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  Mycosis Fungoides

Mycosis Fungoides is a rare for of non-Hodgkin’s lymphoma that affects the skin. This disease is also known as Alibert-Bazin syndrome and granuloma fungiodes. In some patients this disease may progress to be an internal condition.

This disease was first described by Jean-Louis-Marc Alibert in 1806; he was a French skin doctor. The word fungiodes has often confused people because of its similarity to fungus. This disease is not a fungus infection of the skin. The term is used to describe the mushroom like tumors that grow on the skin.

Mycosis Fungoides Cancer
Mycosis Fungoides

Less than two hundred thousand people in the United States are currently diagnosed with this disease. This disease is also known as a lymphoma of the skin.


The symptoms for Mycosis Fungoides are visual, such as patches, or lesions. The rashes are red and scale-like spreading from one area to the other on the body. The rash can occur on the buttocks, shoulders and back – but not limited to these areas. In some cases, skin ulcers may be present. Itching occurs in about twenty percent of patients. Diagnosis can be challenging because the disease resembles other skin disorders such as psoriasis or eczema.


Diagnosis for Mycosis Fungiodes is made through skin biopsies and visual comparisons to existing photographs of the disease. Several biopsies are recommended from various patches of the skin to obtain an exact diagnosis. This disease is almost always limited to the skin.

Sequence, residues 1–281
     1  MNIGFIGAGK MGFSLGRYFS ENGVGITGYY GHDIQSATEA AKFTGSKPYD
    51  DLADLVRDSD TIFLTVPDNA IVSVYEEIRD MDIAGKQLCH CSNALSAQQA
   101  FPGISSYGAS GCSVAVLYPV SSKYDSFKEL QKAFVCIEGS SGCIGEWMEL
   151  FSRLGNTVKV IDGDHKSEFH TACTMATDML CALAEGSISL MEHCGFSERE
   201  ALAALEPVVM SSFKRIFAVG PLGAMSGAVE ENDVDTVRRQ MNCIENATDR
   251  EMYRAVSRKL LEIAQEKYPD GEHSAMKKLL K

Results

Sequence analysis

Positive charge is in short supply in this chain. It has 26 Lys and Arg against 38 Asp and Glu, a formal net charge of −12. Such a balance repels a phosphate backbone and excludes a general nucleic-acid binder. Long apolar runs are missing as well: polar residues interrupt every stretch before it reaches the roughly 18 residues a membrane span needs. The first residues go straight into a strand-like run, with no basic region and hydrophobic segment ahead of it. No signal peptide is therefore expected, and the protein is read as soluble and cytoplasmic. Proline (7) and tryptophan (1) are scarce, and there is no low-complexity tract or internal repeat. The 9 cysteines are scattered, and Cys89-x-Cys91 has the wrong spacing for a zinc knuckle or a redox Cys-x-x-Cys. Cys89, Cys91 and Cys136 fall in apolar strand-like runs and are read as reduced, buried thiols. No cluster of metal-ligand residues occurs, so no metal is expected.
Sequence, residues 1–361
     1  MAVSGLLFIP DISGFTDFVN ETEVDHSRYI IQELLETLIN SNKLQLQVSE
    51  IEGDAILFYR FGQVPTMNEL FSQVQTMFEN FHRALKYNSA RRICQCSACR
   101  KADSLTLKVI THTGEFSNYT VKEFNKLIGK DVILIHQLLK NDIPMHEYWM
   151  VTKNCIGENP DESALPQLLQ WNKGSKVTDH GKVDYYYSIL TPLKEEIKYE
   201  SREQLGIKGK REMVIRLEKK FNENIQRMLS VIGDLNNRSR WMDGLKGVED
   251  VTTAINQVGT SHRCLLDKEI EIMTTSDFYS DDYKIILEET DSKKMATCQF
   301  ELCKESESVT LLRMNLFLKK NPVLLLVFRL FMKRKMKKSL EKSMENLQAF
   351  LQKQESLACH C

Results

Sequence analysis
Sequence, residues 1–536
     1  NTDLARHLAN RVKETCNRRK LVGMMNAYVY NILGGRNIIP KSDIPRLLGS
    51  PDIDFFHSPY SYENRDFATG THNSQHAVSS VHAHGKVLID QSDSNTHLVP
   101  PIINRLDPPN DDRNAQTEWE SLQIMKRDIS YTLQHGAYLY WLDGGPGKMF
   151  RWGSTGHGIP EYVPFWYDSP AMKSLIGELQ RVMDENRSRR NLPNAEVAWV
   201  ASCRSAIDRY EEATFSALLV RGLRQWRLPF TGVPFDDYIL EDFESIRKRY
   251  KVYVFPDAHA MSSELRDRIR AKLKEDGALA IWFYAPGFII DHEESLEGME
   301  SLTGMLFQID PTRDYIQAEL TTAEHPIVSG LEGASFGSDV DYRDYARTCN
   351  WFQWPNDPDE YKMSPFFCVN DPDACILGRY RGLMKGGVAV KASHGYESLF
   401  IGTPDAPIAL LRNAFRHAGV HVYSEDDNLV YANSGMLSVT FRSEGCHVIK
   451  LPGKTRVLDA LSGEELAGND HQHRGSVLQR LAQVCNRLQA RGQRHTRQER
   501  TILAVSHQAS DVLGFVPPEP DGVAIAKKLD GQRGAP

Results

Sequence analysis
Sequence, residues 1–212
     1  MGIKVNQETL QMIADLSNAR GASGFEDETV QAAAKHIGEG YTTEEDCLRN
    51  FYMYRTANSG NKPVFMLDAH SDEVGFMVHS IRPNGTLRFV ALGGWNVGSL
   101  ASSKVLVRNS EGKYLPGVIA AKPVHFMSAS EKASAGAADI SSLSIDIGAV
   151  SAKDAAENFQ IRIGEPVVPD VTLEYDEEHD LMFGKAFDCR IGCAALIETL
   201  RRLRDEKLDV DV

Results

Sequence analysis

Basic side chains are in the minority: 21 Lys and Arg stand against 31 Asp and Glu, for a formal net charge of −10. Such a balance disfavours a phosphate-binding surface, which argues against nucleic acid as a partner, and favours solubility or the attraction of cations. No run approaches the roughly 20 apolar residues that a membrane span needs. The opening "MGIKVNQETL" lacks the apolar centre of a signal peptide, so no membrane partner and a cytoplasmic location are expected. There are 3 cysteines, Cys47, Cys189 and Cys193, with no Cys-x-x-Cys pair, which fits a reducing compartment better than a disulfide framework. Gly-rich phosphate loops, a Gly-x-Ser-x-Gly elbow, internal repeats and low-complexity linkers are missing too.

Staging cancer is an important process in determining treatment and possible prognosis. Staging this form of cancer requires blood tests, and medical imaging. Staging also involves assessing the internal organs to determine if the cancer has spread.


There are a few treatment options for Mycosis fungoides. Successful treatment means that the disease does not progress. Remission is the term used to define the point at which there are no indications of the disease on the skin. Remission can be permanent. Treatment that stops the progression of the disease is referred to as ‘stable disease.’ When a patient is in ‘stable disease’ phase, it is till a serious situation and monitoring should be done to prevent or diagnose progression of the disease to the lymphatic system, blood or internal organs.

Treatment of this disease involves the following:

 steroid ointments
 topical chemotherapy
 traditional chemotherapy
 superficial radiation
 ultraviolet light treatment
 sunlight treatment
 biological therapy – including retinoids, interferons and rexinoids.

These treatments can be used individually or as a combination therapy for patients. Prognosis is good for patients in which the disease is only present on the skin.

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